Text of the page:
“We’ve been trying to get some grants to support the DAV because the labor costs kill any kind of project like this,” Magoon said.
Though not a veteran, Magoon feels a strong personal connection to the American men and women in the armed forces. His father, the late Richard Magoon, was a second lieutenant in the Air Force. He was a veteran of World War II and the Korean War.
“My dad died when I was 7. I don’t have a lot of memories of him, but I still have his uniform,” Magoon said.
“I see a lot of impediments to veterans getting services. And the coalition is committed to helping them,” he said.
So is East District City Councilor Ronald Marsan, who donated his time for the actual construction of the ramp.
“I help vets because they need help,” said Marsan, who worked about 14 hours on the project two weekends ago.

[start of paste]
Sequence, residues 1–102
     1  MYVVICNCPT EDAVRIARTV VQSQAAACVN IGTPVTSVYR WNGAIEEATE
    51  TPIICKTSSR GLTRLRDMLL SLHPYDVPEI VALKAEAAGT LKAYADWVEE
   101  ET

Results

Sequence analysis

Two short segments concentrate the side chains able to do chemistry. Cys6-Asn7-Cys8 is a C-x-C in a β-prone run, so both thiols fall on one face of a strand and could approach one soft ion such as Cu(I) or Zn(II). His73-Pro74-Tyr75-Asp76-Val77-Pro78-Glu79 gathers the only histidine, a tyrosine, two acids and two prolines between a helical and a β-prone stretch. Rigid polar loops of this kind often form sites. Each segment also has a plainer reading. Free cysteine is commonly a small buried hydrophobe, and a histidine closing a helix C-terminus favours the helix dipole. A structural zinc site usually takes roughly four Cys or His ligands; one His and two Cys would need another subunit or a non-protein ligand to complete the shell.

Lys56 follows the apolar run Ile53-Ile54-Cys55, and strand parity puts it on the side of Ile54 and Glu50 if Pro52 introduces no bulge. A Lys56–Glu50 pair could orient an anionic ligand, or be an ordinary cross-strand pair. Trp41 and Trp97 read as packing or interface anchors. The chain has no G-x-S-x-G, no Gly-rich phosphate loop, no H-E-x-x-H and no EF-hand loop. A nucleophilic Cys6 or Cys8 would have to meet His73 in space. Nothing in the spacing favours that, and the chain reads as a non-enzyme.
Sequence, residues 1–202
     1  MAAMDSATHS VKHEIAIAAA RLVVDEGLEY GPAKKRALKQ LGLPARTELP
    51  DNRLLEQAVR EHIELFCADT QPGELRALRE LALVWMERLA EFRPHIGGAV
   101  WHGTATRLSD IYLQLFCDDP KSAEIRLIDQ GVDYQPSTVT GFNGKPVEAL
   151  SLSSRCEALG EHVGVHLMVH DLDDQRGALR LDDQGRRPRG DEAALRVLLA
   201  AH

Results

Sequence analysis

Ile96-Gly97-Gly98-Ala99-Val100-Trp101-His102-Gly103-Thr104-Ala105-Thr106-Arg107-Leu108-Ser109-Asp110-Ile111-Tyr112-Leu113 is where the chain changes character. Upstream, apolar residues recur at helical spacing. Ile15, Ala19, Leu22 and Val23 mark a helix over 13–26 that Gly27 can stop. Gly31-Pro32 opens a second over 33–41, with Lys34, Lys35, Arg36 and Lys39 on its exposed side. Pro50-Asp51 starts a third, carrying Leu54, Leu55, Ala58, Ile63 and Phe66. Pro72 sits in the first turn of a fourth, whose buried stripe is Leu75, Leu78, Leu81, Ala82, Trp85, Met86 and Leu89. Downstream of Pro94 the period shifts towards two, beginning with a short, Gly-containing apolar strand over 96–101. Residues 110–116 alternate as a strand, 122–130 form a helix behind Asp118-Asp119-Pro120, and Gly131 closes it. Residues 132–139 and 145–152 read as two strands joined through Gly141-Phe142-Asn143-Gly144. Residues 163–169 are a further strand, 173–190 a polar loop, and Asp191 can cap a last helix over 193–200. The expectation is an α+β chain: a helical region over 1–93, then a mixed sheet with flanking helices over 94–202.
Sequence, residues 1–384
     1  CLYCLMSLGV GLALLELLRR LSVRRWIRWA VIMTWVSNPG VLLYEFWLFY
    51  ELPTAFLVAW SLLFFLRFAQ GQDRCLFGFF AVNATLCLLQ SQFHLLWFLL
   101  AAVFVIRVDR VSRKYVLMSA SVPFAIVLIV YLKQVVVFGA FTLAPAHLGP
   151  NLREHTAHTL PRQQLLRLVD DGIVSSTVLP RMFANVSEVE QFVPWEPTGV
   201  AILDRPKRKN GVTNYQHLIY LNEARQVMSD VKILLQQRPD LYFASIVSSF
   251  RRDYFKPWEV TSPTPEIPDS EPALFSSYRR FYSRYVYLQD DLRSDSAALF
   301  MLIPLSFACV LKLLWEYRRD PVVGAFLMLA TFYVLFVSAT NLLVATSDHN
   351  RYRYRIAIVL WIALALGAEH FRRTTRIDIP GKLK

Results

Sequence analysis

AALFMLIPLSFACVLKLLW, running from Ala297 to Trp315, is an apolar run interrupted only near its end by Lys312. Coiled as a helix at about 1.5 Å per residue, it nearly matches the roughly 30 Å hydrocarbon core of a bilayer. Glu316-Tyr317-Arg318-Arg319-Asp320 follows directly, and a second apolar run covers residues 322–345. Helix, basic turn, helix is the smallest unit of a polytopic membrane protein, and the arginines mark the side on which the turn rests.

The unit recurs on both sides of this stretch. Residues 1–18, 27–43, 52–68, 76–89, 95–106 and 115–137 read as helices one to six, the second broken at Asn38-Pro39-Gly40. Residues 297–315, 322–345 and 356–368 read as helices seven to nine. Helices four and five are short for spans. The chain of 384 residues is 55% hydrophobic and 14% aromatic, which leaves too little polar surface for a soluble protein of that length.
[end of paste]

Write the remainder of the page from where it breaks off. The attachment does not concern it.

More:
“I have today because of them. We have our freedom because of the vets. We need to be more considerate of them. To build something like this, it would probably be around $8,000 – but for the generosity of Home Depot,” he said.
During the years Gioia has been shopping around for a ramp, $4,000 was the cheapest price he got.
“I just couldn’t afford it,” Gioia said.
“Any time I put money down for it, something always came up. It’s tough to pay for something like this when you’re on a fixed income. There was a time I didn’t think I’d ever get one of these,” he said.
Veterans with disabilities who need a wheelchair ramp can seek financial help through their community and the Veterans Administration.
“It could still be done, but it would be a time-consuming project,” Methuen Veterans Services Director Thomas H. Hargreaves said of the conventional way for a veteran to get a wheelchair ramp.